Rocky Alvey who grew up near Muddy and is now the director of Vanderbilt University’s Dyer Observatory co-wrote an album that was nominated for a Grammy Award. Alvey, who combined his lifelong passion for astronomy with his musical writing and singing skills, teamed up with two prominent female singer/songwriters to produce their album, “The Mighty Sky.”

RSM curator relishes his two loves: ecology and music (Leader-Post)

For some songwriters, combining music with social and environmental activism is a natural fit. But that isn’t the case for Glenn Sutter, a Regina-based folk recording artist and a strong proponent of environmental sustainability. “I’m very sensitive to not be preaching with music. For me, it’s a personal exploration and a creative outlet, for sure,” said Sutter, curator of human ecology at the Royal Saskatchewan Museum.

Mississippi children learn with blues curriculum (Register-Guard)

Chevonne Dixon is one of the first teachers in the state to incorporate the blues into science, math, social studies and English lessons. So far this school year, the 9- and 10-year-olds in her class have written blues songs about the weather. They’ve composed short ditties about the travails of being a kid. And they’ve read classic blues lyrics to learn the challenges of growing cotton. “It makes them recall information, especially with that slow, melodic sound,” said Dixon.

Cedar Creek Middle School makes math fun (Statesman.com)

With the opening lines to their song, Cedar Creek Middle School eighth-graders Grace Becknal, Isabel Arevalo, Ariana Alvarado and Jorge Meza explained how to find the rate of a change — or the slope — of a line.

Beastie Boys’ ‘Girls’ Transformed Into Girl Power Anthem (radio.com/antimusic.com)

One of the Beastie Boys’ earliest and most famously misogynistic hits has been retooled by upstart toy company Goldieblox into a girl power anthem that encourages young girls to have fun with science and engineering.

MWV #81 – Sheldon Campbell – The Singing Microbiologist (Microbe World Video)

Dr. Campbell teaches microbiology at Yale School of Medicine and he uses music to enhance his lectures. He has one song for every block of lectures he gives on a major topic.

Genius student hides Rick Astley song lyrics in quantum physics essay (metro.co.uk)

One inspired student took the art of ‘rickrolling’ to another level by inserting the chorus from the singer’s hit song, Never Gonna Give You Up, into an essay.

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Dance of the Biomek FX

My lab works in part on high-throughput screening (HTS) of small-molecule libraries. Here is my low-budget tribute to the high-tech machines that facilitate this work.

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The first-ever Sing About Science podcast!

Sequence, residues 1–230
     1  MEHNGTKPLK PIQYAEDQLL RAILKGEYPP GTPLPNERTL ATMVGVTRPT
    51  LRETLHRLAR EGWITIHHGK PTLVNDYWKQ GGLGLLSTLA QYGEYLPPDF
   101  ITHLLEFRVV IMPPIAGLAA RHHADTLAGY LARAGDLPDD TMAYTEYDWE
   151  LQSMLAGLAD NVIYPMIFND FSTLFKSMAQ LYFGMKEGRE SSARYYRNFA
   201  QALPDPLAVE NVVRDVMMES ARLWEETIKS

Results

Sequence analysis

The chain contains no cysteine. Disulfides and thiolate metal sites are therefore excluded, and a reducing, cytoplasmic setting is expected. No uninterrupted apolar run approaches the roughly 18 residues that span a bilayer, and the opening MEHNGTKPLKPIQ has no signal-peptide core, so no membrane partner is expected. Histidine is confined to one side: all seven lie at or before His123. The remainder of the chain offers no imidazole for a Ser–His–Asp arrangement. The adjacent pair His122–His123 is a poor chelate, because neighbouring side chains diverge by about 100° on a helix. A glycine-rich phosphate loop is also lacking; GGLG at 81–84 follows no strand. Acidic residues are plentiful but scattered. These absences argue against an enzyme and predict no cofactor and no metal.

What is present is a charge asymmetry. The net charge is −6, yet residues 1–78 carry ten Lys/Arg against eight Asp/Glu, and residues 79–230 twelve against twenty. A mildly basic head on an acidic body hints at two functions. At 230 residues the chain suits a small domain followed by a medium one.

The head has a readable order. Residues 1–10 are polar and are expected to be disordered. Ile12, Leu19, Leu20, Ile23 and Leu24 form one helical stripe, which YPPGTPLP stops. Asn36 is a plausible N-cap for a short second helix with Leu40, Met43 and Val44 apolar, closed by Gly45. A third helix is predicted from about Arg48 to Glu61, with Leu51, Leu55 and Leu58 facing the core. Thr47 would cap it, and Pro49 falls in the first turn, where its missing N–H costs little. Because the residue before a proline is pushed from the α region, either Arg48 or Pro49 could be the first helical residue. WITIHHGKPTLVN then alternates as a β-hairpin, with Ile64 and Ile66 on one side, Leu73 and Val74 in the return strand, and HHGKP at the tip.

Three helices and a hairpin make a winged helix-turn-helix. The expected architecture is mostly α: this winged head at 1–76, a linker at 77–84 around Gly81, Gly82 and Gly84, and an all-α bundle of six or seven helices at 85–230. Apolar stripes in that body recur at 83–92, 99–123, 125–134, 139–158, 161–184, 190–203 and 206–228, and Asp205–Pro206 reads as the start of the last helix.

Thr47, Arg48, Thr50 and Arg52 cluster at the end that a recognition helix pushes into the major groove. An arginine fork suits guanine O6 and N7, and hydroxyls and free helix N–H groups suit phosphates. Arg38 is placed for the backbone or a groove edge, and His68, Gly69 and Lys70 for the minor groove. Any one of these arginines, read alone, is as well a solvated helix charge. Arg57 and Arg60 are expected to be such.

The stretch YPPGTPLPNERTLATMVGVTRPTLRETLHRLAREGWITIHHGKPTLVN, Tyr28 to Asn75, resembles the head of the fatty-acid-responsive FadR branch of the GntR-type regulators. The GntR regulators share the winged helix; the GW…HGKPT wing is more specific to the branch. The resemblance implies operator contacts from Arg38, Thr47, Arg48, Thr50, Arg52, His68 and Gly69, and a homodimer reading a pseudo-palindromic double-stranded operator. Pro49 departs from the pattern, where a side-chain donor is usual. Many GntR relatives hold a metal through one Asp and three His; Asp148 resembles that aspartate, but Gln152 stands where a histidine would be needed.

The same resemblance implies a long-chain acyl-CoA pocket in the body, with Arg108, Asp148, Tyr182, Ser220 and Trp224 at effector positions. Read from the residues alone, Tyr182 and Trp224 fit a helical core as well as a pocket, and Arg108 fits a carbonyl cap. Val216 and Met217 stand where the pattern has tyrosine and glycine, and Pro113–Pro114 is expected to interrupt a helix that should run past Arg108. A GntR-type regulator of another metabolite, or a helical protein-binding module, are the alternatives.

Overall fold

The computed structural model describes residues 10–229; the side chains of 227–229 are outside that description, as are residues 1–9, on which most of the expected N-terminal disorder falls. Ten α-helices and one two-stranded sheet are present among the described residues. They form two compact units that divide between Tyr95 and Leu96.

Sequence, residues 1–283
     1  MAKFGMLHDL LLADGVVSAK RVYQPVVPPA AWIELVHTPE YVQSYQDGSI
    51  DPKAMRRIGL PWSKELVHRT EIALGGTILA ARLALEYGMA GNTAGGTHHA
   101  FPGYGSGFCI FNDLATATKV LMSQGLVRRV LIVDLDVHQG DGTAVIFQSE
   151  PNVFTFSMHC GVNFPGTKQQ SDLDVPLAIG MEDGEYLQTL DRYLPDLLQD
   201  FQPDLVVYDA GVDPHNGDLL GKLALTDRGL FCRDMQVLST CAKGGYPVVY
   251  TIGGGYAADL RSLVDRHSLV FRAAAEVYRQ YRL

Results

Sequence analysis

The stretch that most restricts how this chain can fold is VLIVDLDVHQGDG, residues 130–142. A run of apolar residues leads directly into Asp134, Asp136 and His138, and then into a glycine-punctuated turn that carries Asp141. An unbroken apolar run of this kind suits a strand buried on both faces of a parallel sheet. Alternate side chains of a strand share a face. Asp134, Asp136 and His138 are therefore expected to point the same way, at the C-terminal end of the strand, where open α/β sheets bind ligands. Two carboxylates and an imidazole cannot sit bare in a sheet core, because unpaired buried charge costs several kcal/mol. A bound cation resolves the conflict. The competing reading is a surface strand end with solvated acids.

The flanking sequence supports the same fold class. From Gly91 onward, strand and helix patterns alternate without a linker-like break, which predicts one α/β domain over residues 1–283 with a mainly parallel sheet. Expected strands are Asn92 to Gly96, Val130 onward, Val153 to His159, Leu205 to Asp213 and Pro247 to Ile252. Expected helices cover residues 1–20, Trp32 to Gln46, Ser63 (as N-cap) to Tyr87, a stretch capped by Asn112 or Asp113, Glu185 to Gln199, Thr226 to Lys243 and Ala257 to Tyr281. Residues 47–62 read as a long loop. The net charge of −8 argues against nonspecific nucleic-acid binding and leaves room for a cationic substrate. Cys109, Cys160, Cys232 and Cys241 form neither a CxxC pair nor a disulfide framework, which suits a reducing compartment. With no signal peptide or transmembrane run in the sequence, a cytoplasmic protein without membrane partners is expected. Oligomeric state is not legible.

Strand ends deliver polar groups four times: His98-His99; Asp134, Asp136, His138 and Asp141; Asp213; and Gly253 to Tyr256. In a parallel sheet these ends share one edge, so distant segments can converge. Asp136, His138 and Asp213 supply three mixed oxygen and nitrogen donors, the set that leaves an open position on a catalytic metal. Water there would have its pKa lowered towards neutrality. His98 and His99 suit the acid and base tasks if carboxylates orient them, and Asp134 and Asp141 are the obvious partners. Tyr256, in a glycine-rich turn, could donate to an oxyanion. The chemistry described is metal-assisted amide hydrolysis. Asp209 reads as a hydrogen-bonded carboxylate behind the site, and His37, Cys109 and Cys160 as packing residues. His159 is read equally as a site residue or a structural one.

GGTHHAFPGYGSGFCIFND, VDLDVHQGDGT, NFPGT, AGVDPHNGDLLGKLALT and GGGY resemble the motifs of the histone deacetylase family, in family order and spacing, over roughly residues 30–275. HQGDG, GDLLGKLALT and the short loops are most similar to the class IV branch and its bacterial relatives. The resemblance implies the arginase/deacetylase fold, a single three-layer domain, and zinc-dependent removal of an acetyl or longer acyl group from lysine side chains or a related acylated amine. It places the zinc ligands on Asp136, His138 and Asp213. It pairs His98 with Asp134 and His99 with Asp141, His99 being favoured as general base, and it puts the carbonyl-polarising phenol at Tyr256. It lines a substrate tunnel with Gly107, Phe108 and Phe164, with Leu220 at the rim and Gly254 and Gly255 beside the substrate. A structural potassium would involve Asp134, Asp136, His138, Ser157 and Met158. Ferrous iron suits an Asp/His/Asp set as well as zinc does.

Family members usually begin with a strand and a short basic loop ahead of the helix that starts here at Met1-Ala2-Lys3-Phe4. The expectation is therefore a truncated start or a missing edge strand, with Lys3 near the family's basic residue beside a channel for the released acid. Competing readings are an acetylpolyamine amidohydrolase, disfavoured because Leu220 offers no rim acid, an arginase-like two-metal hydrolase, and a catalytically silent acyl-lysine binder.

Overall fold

Fundamentally, music is an auditory channel of information, so podcasting about music is a logical thing to do. I have no special expertise in audio recording or producing, so I’ve been slow to attempt this, but today I present an MP3 file of a 45-minute conversation that others may find interesting. It’s with Monty Harper, a previous interviewee who is now in the midst of a Kickstarter campaign to support a new children’s science music album. Listen in as Monty and I discuss the distillation of science into song, possible uses of non-”litany-of-facts” songs in the classroom, and much more!

Many thanks to Monty for help with the processing of the audio files … and to David Newman for the Sing About Science theme song.

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Another short, teacher-friendly paper

With the encouragement and assistance of colleagues in the UW School of Nursing, I contributed a short piece to their American Biology Teacher series on the neurobiology of learning. The article is called “Making material more memorable … with music.” It’s meant as a concise guide for teachers rather than as a comprehensive literature review. Check it out!

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“Science Worth Singing About” in NSTA Reports

The October 2013 issue of NSTA Reports (a publication of the National Science Teachers Association) includes a nice look at science music in the classroom on pages 8 and 9. It includes quotes from me, elementary school teacher Jeromie Heath (Pine Tree Elementary School, Kent, WA), curriculum consultant Lodge McCammon (North Carolina State U.), and chemistry grad student Olisa Menakaya (Tennessee State U.).

Your colleagues might also want to use your songs. “Many music teachers will be happy to incorporate science songs during music if you just ask,” Heath notes. “The same goes for [physical education] teachers: some play music during their activities in the gym… You can also ask your principal [if] your class [could] present a science song at an assembly.”

Other recent articles and posts of possible interest:

Bluford STEM Academy Shows School Pride Through Song (WFMY News). “The school took Robin Thicke’s song ‘Blurred Lines’ and changed the lyrics to positive words that are associated with their core subjects.”

Bohemian Gravity: Canadian grad student uses music to explain string theory (CTV News). “Rocking out to his own rendition of the hit song ‘Bohemian Rhapsody,’ a Canadian physics student’s online music video explaining the concept of string theory has attracted the attention of Queen guitarist Brian May, who happens to hold a PhD in astrophysics.” Additional coverage: CNET.com; BBC America.